Dingle is quite the touristy place really. I can only imagine the throngs during the season. But I think of this music as a bit of a back stage pass. Knowing a few tunes and humbly sitting in (only when invited, of course) at a local session can mean that the local musicians might stick around for a chat after the tunes. And just like that, one makes a new friend or two.
Thankfully for Tony, all was not incessantly musical. There was much touring to be done in our short time in Ireland. I was keen to hook him on this country I hold so dear with the hopes of luring him back once again. I will be there next year for a whole month of course and I hope for him to tag along for a bit of November perhaps….. we shall see.
We took in the windswept Cliffs of Moher where there was not only natural splendor…..
But the splendor of quirky humanity as well which made my heart swell. There was an intrepid couple from away, maybe Portugal or Italy (difficult to hear with the wind blowing) who were keen to get some iconic wedding photos made….
Her veil blew in the wind and the rains did fall. Everyone seemed to be good sports about it all.
Others got in on the fun and had their own impromptu wedding shoots….
It was one of those rare, feel good moments when one feels a part of things and good to be a human. These kids might have been from Germany (again, so hard to hear with the wind as it was). But strangely, all seemed right with the world for the moment.
Eventually, the next day, as you know, saw us headed further south, further west to the Dingle Peninsula, “Corca Dhuibhne”. We soldiered on through rain and fog and down impossibly small roads which found us over impossibly foggy mountains. The skies did clear and Dingle did cast her spell eventually and we found the music there that night at Neligan’s. Sadly we barely had 24 hours to explore this amazing peninsula, but we took in what we could.
All around there was a feeling of being in an “other” world, of being blessed by those who exist in a greater beyond. Things seem chancey and strange here.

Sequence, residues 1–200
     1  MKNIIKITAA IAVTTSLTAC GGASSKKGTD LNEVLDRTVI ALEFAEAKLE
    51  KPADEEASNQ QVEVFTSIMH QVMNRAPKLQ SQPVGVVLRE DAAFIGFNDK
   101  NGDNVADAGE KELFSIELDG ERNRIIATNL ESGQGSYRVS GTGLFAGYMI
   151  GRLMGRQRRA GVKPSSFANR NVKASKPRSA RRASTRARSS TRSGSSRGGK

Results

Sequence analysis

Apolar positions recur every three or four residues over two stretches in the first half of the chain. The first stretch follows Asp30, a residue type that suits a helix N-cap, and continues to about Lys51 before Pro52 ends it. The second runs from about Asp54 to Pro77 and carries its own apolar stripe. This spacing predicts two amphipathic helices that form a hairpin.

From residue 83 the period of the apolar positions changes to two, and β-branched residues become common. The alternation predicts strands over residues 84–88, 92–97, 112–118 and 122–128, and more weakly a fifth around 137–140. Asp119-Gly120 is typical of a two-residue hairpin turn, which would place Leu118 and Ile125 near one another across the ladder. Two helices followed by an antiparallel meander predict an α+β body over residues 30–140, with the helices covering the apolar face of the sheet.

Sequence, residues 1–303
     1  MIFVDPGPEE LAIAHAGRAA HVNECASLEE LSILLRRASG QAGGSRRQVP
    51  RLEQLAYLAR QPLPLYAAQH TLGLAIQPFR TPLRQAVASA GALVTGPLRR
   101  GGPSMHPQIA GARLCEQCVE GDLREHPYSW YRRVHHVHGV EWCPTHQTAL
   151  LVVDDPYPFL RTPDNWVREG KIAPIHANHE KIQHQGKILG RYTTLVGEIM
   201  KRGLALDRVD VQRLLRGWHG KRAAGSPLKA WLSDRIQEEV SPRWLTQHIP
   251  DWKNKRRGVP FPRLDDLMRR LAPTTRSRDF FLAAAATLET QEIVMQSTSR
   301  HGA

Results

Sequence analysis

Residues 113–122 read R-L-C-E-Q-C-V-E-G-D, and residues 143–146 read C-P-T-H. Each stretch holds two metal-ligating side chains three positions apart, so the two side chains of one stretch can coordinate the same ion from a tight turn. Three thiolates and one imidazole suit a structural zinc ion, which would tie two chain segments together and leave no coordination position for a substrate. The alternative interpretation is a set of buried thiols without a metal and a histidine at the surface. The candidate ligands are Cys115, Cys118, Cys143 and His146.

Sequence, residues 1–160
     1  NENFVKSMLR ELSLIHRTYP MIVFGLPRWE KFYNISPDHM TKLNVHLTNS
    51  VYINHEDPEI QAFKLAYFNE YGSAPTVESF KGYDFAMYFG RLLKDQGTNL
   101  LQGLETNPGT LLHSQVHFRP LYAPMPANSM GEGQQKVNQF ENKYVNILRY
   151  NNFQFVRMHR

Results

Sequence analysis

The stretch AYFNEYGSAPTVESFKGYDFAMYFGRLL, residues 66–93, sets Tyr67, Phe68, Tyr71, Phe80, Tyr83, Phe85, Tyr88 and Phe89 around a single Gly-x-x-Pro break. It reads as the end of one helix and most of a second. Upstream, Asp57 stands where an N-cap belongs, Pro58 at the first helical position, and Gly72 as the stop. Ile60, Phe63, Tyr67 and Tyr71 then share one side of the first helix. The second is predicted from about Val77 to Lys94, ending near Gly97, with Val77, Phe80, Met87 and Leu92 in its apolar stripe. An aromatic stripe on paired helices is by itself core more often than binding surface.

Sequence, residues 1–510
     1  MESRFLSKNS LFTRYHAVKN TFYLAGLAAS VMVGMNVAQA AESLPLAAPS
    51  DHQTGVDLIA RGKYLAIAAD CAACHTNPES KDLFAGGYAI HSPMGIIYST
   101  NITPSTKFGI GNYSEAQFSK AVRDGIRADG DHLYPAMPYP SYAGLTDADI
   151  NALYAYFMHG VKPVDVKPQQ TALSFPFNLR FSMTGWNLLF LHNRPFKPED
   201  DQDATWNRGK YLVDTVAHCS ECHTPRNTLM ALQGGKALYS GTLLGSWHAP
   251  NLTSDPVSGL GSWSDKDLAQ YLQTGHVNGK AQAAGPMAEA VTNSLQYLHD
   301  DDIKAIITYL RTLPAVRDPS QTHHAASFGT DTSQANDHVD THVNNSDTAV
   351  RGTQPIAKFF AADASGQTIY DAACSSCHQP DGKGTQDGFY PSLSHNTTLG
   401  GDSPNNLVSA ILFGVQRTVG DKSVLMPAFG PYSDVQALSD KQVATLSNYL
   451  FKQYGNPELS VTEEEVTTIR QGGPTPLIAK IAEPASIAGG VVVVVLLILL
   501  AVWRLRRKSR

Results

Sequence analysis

“Then I went to Ireland. The conversation of those ragged peasants, as soon as I learnt to follow it, electrified me. It was as though Homer had come alive. Its vitality was inexhaustible, yet it was rhythmical, alliterative, formal, artificial, always on the point of bursting into poetry.”
~George Thomson, The Prehistoric Aegean
Language, in English as well as Irish piles up like stones. Every nook and cranny, every stream and small strand has a name.
The sheer breadth and depth of such a small place is difficult to capture and express. It is said that Ireland is the size of our Indiana. And yet, it carries aeons of legends and myths, tales of wonder and woe. It would take a life time to learn and unpack it all.
We start with small words, easy to learn. Familiar concepts.
Creatures we know we love already.
Perhaps through painting the sights we see, learning the tunes which waft through the air, and engaging in a word or two of Irish here and there, we might find our way to being accepted by this land I feel so drawn to. I am keen to spend more time in Ireland.
I like the idea of being able to walk to the sea, and to the local bookstore, and the local pub, which might not only feature a warming bevvie, but also a nice cup of soup on an evening I don’t feel the urge to cook.
I actually don’t even mind the backward driving….
I love the constant presence of ravens and crows (kind of like in New Mexico).
But alas, here I am, now, in Ohio. And I do not grieve this. I have an amazing inlet and outlet for music via the Riley School, I have a wonderful community of fellow artists. We have a patch of land where I am about to go set some garlic in for the winter and batten down the hatches against the squirrels. Life is good wherever we are.
But I am glad to know of a few places, one especially, which make my heart sing. Most folks might go a whole lifetime and not find this. For this I am grateful.
Too fast paced of late. Frenetically crossing to-do lists off as if penance for up-coming traveling. Only time out of doors can check this process. Finally the temperatures drop to comfort level, leaving “hotumn” behind us.
October temperatures in the mid-nineties will make one crabby.
I find myself outside on a beauty-filled day. Collecting leaves, plotting a small hillside in the back for a new vegetable bed slated for next spring. Tunes wander through my head. I take a break to capture a bit of this ochered season with my camera. The old sweet gum tree in front is particularly lovely, dropping her petals into the main creek which is, miraculously, always running with a trickle even in the driest of times. There are little skimmers paddling along in their own little world, which I suppose they do with or without our observation.
I put together a slow paced little gathering of sweet gum and skimmers for you here. The music is used with permission and is by Nuala Kennedy. Once upon a time I did a little art work for the cover of the album where this track can be found. The whole collection is divine and if you haven’t heard it, you should.